2ms Java


  • 3

    A typical binary search problem. (l & r) + ((l ^ r) >> 1) avoids the overflow (a much easier alternative is l + (r - l) / 2).

    /* The guess API is defined in the parent class GuessGame.
       @param num, your guess
       @return -1 if my number is lower, 1 if my number is higher, otherwise return 0
          int guess(int num); */
    
    public class Solution extends GuessGame {
        public int guessNumber(int n) {
            int l = 0, r = n;
            while (l < r) {
                int m = (l & r) + ((l ^ r) >> 1);
                if (guess(m) == 0) return m;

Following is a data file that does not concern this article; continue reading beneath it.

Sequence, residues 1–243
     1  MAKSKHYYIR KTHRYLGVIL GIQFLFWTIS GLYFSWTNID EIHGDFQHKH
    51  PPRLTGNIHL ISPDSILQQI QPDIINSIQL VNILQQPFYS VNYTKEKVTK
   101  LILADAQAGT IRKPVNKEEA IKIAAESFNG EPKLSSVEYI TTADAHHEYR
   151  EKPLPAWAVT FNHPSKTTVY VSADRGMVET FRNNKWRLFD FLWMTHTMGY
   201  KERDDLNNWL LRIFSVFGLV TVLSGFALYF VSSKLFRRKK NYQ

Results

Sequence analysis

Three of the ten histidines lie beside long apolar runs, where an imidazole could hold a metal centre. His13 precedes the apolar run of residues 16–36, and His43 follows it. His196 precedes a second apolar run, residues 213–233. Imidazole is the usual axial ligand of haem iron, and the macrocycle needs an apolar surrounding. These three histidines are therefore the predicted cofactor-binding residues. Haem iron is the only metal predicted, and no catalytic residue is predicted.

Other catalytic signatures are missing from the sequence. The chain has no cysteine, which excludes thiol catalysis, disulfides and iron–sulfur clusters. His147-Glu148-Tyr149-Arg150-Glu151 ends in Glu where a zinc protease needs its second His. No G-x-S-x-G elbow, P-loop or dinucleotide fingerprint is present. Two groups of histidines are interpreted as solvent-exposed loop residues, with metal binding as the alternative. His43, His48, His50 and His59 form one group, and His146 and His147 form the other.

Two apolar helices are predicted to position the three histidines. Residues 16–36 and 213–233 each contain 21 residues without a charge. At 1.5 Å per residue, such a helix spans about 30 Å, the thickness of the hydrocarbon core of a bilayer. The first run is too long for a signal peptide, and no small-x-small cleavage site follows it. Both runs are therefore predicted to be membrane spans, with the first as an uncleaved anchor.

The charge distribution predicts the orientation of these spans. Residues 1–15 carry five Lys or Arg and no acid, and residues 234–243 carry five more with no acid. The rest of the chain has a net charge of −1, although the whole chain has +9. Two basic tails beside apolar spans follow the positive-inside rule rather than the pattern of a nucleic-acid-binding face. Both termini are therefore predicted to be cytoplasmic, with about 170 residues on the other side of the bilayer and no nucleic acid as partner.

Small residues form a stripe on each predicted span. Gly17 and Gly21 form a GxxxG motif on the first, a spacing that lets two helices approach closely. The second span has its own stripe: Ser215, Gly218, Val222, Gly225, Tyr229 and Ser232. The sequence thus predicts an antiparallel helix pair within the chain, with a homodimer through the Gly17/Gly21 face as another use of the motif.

else if (guess(m) == 1) l = m + 1;
                else r = m - 1;
            }
            return l;
        }
    }
    

  • 0

    @jianchao.li.fighter said in 2ms Java:

    Why does the divide operation (l & r) + ((l ^ r) >> 1) works?

    I think some folks may have the same question as I first encountered this unfamiliar divide operation. Let me try to add an explanation here:

    • The result of & indicates every bit that has 1 to carry over to higher bit.
    • The result of ^ indicates every bit that has 1 to stay.
    • & * 2 + ^ gives out the addition of two numbers.
    • & + ^ >> 1 gives out the addition of two numbers / 2.
    • &, ^ and >> operations will not overflow even two operands are MAX_VALUE.

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